While the shadow areas are drying, you can intensify the background colors and suggest that the apple is sitting on a table. I started with a light wash of sgreen and a touch of yellow and using "criss cross" strokes I did much the same thing I did with the first rings of wash but this time I want to intensify the colors a bit keeping it light behind the apple (see photo page). As I get into the darker areas there is less water and more paint on my brush, I want it pretty dark in the corners. Let everything dry before proceeding.
This next step might need some practice on your part because most of you are so heavy handed with your brushes and this take subtlety and trusting your paints to do what you need them to do, so consider a few practice runs before trying it out on your paper.
Starting at the back edge of the top of the apple, I wet the area with water avoiding the area where the stem will be. This is very similar to how I started the painting but this time I am localizing the wet paper to just the area I want to paint at the moment which is the back of the apple. Using my angle brush, I pick up Napthol red (nred) with very little water and just LIGHTLY TOUCH along the top edge of the apple occasionally pulling a line down towards the place where the stem connects to the apple. Remember that your brush strokes must follow the curve of the apple and angle down towards the center, these are not straight lines. I also picked up orange and yellow and did a few similar strokes in that same area but closer to the stem and mindful of the curve of the apple.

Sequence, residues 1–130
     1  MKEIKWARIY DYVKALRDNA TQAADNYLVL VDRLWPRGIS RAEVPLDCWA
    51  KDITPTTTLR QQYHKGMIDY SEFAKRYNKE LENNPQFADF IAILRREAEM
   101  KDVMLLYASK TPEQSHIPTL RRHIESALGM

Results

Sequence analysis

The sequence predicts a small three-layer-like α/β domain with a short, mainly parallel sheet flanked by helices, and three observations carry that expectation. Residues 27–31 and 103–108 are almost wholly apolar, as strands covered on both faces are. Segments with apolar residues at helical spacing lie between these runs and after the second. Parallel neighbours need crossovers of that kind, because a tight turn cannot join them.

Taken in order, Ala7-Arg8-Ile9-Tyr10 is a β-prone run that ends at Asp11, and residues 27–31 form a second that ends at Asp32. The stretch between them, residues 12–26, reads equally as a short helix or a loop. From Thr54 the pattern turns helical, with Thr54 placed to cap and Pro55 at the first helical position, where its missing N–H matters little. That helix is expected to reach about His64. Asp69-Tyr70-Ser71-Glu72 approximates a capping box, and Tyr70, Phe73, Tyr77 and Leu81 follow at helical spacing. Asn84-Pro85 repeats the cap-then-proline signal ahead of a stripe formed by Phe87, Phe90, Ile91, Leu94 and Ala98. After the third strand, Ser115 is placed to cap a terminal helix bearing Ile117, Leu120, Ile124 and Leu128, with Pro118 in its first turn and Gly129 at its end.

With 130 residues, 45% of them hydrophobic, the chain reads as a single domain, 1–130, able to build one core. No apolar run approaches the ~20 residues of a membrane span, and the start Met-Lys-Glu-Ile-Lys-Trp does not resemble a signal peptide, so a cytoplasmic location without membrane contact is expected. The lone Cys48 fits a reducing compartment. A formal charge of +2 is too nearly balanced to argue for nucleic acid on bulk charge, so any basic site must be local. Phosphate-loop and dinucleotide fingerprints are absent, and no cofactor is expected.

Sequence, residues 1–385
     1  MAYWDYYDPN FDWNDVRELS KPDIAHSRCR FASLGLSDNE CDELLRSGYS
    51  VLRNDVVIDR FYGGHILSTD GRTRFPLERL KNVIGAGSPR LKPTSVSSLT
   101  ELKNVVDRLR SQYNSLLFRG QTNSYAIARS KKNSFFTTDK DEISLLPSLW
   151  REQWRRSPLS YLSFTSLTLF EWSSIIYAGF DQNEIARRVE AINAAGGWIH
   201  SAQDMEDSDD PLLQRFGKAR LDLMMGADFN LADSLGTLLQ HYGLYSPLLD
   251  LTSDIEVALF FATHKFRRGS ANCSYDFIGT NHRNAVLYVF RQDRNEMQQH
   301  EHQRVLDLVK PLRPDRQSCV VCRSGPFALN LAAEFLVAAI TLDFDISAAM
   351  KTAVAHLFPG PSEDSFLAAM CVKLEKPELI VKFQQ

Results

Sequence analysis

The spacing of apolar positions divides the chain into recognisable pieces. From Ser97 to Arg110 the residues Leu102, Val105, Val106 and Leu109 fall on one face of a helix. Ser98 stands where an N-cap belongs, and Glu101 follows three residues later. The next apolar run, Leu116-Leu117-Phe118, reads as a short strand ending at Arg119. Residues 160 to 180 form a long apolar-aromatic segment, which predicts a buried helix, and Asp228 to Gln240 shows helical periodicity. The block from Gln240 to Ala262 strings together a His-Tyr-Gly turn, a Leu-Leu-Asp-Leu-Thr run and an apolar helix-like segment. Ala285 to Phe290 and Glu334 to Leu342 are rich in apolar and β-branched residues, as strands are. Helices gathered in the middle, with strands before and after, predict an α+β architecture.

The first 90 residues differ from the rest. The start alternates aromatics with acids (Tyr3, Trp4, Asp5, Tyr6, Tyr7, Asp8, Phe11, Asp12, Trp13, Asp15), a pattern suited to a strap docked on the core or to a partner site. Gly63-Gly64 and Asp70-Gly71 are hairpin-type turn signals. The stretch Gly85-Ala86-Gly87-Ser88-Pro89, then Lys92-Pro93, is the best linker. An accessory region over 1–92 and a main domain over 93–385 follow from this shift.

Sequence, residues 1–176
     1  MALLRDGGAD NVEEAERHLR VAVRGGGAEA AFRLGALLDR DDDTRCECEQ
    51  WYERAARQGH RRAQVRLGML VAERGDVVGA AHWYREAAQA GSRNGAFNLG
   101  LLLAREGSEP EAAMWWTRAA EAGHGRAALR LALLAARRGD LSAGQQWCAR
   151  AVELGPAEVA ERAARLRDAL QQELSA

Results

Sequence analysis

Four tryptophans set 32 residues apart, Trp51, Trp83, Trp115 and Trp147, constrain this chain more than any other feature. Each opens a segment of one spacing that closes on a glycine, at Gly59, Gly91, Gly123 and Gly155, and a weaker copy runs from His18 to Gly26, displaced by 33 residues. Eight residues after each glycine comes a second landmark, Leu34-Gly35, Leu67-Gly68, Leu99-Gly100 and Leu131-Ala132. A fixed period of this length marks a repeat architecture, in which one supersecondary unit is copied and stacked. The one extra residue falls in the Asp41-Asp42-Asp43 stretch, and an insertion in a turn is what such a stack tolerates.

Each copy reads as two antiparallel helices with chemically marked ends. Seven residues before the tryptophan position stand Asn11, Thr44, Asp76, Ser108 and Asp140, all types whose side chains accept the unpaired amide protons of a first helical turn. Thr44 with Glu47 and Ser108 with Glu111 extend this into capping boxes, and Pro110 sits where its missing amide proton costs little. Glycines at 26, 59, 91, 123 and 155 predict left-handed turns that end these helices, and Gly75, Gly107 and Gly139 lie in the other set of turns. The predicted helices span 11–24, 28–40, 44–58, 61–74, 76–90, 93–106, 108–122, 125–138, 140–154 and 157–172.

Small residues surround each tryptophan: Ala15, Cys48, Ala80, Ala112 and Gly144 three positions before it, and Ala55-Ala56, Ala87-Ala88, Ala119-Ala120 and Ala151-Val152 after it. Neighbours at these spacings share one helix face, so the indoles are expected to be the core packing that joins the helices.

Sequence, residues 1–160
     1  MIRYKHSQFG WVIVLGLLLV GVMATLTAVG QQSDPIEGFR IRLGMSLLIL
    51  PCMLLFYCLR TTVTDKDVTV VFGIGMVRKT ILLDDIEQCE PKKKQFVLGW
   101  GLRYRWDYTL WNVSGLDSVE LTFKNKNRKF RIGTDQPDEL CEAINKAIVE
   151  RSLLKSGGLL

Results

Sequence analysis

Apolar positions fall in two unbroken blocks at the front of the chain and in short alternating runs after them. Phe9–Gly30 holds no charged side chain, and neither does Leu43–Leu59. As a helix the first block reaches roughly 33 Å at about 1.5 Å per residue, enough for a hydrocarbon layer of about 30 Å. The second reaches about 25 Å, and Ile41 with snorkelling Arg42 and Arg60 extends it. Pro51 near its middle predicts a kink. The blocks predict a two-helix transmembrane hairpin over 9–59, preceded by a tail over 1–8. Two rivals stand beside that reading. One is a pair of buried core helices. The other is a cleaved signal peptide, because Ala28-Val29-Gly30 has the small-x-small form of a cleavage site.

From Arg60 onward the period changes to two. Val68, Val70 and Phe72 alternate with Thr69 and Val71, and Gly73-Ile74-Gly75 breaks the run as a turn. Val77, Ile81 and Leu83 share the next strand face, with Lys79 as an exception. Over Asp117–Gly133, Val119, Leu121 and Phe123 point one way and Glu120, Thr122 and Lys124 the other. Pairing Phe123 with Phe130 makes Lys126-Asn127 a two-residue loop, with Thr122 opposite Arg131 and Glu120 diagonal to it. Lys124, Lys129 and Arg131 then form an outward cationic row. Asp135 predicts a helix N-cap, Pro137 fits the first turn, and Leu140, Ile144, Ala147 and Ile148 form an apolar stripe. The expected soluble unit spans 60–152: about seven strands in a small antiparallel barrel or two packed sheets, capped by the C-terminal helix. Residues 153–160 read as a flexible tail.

This next step I would wet parts of the apple and added paint as I went, the reason for this is the paper will dry and you will need to rewet it anyway so I wet about a third of the apple, dropped in color then wet the next third and so on. I started on the lighter side of the apple with cad red and napthol touching in bits of orange and yellow and wiping back the highlight area to keep it lighter. As I moved over to the shadowed side it was napthol and alizarin with touches of sap green. While the shadow area was still wet I dropped a mix or purple and blue into the wet paint for the reflected highlight.
The cast shadow from the apple was made with Hooker's green, blue and alizarin and very little water, it should be very dark. You might want to wait until your apple is dry before adding the shadow so you don't get a bloom into your apple. I started with this very dark color right under the apple where it sits on the towel, it stays very dark around the side, I even painted over the edge of the apple to create a lost and found look in the shadow. As the shadow moves away from the apple it will get a bit lighter but should remain mostly dark. Be sure that you rinse your brush and soften the edges of the shadow.
The stem was sap green and while it was wet I touched in alizarin to the shadowed side and yellow in the sunlit side. Lastly I splattered some red and orange on the apple to give it a few small spots and I took a Q-Tip with water to lift the highlight back starting in the lightest area and with small circles and rinsing the Q-tip lifted out what I wanted.
You may need to adjust the colors and the shadows to finish this the way you want just remember to let an area dry completely before rewetting and adding more color. If you do rewet an area, minimize how many times you go over the area or you will smear what you did before and could cause mud.
PV, we will be doing rocks in the next class so please download and print the rock photos on the picture page.